Northwestern University researchers have collaborated on a new three-dimensional modeling approach to training pediatric surgeons that makes practice surgeries far more realistic and safer.

Katherine Barsness, M.D., an associate professor of surgery and medical education at Northwestern's Feinberg School of Medicine, teamed up with colleagues at Feinberg's Innovations Lab and the McCormick School of Engineering and Applied Sciences to create life-sized, reusable models of a newborn’s ribcage. McCormick’s Segal Design Institute produces the models with 3-D printers, which turn digital files into three-dimensional solid objects one very thin layer of a material at a time. The resulting plastic ribcages become anatomically correct replicas of an infant’s chest cavity when covered with a synthetic silicone skin and filled with tissue.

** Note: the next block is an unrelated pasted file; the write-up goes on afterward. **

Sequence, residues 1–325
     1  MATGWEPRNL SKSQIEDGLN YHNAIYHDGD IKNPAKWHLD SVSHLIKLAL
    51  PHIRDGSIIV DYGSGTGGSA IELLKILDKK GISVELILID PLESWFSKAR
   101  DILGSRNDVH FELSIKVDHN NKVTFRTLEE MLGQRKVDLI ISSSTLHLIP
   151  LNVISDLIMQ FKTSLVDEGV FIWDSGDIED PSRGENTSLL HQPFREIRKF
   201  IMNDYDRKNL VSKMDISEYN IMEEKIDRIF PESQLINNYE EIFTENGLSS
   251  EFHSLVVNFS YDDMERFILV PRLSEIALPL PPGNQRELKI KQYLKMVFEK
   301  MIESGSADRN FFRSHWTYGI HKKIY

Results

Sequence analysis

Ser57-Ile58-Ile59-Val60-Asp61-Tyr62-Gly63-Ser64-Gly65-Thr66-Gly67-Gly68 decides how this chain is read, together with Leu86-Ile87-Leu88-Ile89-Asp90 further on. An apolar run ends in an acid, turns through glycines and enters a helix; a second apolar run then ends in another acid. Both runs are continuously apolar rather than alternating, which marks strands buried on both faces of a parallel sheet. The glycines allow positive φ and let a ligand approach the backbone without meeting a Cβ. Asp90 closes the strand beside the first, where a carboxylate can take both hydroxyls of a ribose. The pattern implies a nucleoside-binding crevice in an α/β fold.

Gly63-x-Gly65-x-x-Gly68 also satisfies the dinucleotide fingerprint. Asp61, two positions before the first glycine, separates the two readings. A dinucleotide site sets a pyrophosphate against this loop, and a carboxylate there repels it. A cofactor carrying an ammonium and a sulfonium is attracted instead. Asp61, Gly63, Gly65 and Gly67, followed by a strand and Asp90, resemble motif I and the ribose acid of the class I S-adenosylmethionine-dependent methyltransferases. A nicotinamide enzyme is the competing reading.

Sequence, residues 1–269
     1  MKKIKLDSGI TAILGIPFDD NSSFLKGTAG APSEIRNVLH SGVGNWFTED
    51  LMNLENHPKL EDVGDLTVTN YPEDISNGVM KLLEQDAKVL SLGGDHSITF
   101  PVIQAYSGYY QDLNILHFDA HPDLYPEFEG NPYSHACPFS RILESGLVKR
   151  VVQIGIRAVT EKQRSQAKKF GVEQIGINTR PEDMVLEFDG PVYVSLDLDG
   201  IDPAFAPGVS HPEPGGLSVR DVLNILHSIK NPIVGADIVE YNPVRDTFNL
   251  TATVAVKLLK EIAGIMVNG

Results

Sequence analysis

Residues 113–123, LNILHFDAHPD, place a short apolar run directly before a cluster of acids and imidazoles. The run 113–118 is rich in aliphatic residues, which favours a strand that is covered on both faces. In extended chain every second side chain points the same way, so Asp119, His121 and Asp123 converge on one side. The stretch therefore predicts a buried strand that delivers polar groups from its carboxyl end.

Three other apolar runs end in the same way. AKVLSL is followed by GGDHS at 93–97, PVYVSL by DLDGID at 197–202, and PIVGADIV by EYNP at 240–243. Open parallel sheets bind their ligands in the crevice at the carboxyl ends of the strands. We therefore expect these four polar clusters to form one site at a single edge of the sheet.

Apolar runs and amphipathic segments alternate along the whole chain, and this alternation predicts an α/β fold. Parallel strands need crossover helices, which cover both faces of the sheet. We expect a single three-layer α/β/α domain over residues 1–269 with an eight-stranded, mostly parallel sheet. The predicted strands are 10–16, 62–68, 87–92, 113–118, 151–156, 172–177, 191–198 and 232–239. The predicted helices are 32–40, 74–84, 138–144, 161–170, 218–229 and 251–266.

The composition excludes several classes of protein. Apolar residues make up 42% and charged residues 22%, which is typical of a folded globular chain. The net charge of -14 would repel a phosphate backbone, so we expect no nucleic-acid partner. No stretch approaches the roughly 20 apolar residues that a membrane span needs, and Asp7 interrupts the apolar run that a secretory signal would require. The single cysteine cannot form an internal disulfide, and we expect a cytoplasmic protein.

For beginning surgeons, the Innovations Lab prints plaster molds to make silicon organs that are placed in the ribcage. More advanced surgeons work with fetal bovine tissue which would normally be thrown out by commercial slaughterhouses. The bovine tissue is surgically configured to mimic rare neonatal congenital defects.

Barsness said models like hers will eventually become the norm for training surgeons, instead of having trainees practice in the operating room or work on live animals. However, she also listed several challenges that prevent that future from becoming an immediate reality.

“First is dedicated time for education outside the operating room. We need programs to let their trainees leave clinical duties for dedicated simulation-based education,” Barsness said. “Second, there are very few pediatric surgeons in the world who are trained to conduct this type of education.”

Funding is another issue. Though materials for printing the ribcage cost only about $200, the printers themselves are a significant investment, as are the resources to support it. But Barsness said acceptance of the models—proving their value—is the biggest struggle right now.

“That acceptance is predicated on data. So our next step is to show that using the simulation models really does improve physicians’ performances in the operating room,” she added.

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